Throughout the first half of the 1940’s, Allen traveled around the country leading miracle-working healing revivals. Lexie was left alone for months at a time to care for their young babies. It was a difficult time for the family as they continued to struggle financially and Lexie was left with the burden of raising the children single-handedly. Then, in 1947, Allen was offered the pastorate of one of the largest Assemblies of God churches in Texas. He accepted and the family moved to Corpus Christi in search of a more normal family life and financial stability.
By the fall of 1949, Allen began to hear stories of miraculous healing meetings from church members and the widely circulated Voice of Healing publication. He attended an Oral Roberts tent revival in Dallas, Texas, with some ministry friends and felt God tugging on his heart about the vision he originally gave him. He rededicated himself to fulfilling that calling and upon returning home resigned the pastorate once again.
In May of 1950, Allen sent his first report to the Voice of Healing after the awe-inspiring results of a miracle campaign he held in Oakland, California. People were healed sitting in their seats as “waves of divine glory swept over the congregation.”6 In 1951, Allen purchased a tent and on July 4, 1951, the A. A. Allen Revival Tent went up for the first campaign in Yakima, Washington.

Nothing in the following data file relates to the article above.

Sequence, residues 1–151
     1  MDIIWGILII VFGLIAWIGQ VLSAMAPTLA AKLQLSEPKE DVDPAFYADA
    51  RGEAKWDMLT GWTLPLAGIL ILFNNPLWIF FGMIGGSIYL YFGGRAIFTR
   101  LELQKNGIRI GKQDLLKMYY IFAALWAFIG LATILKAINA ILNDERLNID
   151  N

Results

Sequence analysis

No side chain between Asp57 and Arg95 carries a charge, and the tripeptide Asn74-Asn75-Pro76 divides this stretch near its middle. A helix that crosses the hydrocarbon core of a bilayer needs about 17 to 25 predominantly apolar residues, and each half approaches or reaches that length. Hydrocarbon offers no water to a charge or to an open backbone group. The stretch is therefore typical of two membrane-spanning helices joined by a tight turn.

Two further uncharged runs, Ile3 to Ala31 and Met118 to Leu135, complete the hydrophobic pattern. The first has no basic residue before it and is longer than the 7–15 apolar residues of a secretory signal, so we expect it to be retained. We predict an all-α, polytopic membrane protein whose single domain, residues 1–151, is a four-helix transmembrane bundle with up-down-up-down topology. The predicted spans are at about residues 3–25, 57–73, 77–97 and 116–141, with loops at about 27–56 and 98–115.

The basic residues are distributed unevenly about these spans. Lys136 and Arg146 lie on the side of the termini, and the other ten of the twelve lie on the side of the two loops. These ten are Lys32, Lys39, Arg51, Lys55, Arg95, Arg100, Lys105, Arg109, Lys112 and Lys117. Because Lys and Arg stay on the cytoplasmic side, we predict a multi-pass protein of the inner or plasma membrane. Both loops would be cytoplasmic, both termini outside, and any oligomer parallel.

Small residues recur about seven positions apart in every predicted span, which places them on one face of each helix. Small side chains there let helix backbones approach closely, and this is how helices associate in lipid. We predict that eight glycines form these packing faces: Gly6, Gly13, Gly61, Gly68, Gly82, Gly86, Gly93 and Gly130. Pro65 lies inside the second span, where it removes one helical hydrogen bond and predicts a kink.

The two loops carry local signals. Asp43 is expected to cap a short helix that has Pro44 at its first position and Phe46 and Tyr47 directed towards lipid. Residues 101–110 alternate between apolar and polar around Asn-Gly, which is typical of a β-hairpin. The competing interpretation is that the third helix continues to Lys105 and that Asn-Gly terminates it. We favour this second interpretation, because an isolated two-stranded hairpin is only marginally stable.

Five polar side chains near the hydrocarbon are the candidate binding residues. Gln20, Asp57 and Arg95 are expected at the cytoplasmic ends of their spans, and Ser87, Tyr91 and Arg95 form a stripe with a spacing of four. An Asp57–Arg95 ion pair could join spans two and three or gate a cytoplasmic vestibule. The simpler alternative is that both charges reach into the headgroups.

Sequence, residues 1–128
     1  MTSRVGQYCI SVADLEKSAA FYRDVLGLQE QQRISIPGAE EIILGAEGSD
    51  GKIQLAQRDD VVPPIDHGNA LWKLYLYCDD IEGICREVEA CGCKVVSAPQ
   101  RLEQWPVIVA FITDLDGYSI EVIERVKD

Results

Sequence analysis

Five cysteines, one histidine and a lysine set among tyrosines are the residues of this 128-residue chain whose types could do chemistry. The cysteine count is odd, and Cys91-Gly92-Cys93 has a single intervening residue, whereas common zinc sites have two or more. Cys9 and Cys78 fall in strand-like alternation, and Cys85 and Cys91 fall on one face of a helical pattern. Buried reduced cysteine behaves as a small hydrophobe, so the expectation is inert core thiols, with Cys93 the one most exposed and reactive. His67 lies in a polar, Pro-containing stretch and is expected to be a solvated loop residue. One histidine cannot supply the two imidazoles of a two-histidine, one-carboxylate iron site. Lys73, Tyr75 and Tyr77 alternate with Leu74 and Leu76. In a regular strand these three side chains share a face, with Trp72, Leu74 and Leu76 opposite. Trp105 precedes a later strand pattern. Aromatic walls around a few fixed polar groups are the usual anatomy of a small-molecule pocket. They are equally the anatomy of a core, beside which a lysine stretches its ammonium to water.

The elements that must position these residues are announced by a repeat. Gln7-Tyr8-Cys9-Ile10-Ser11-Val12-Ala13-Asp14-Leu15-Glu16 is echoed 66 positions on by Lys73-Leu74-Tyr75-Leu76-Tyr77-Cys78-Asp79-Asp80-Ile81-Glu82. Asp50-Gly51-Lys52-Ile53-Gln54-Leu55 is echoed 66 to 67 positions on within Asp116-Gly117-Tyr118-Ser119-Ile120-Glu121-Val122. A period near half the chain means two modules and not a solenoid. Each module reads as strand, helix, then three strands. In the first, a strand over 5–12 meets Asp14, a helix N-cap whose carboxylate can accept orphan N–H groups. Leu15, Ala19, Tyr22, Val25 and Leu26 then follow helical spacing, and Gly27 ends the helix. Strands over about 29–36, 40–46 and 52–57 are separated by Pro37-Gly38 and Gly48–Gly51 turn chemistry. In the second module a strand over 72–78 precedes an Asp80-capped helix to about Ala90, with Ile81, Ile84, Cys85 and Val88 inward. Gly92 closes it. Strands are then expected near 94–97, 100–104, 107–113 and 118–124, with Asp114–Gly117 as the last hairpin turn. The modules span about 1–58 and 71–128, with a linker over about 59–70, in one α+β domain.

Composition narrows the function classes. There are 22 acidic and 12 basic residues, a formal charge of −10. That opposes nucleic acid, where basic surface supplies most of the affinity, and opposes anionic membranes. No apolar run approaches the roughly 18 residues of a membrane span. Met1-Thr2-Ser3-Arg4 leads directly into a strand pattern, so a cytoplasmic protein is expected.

In November of 1953, Allen finally broke into radio with the Allen Revival Hour on eleven stations. By 1955 he was being broadcast on seventeen Latin American stations and eighteen American ones.7 Allen conducted yearly revivals in Cuba and Mexico from 1955 until 1959 when Castro took power.
However, what the enemy means for harm can often work for good. In the midst of persecution, Allen launched the Miracle Revival Fellowship, which licensed ministers and supported missions. Five hundred ministers were licensed in its first ordination. During this time he also began publishing the Miracle Magazine, which boasted two hundred thousand paid subscribers by the end of 1956. In January of 1958, he established the International Miracle Revival Training Camp for ministers near Tombstone, Arizona. He was given 1,250 acres of land and called it “Miracle Valley.” In 1960, he built a four thousand seat church hoping to one day to develop a city there with flourishing neighborhoods, recreational facilities, and media centers.
Allen worked as hard as ever well into the next decade. He continued to fervently teach on healing, and then more and more on financial prosperity. By 1967, the ministry suffered a debilitating blow when it was sued for $300,000 in back taxes. By 1969, Allen’s health began to deteriorate and he battled severe arthritis in his knees. He suffered with so much pain that a protégé had to fill in during the crusades. Allen had already undergone surgery on one of his knees and in June of 1970, was considering surgery on the other knee.
- Lexie E. Allen, God’s Man of Faith and Power, (Hereford, AZ: A.A.
Allen Publications, 1954), 165.
- David Harrell Jr., All Things Are Possible (Bloomington, IN: Indiana University
Press, 1975), 66.
- L. Allen, God’s Man of Faith and Power, 98-104
- A. A. Allen, Price of God’s Miracle-Working Power (Miracle Valley,
AZ: A. A. Allen Revivals Inc., 1950).
- L. Allen, 106-108
- Ibid, 165.
- Harrell, All Things Are Possible, 68.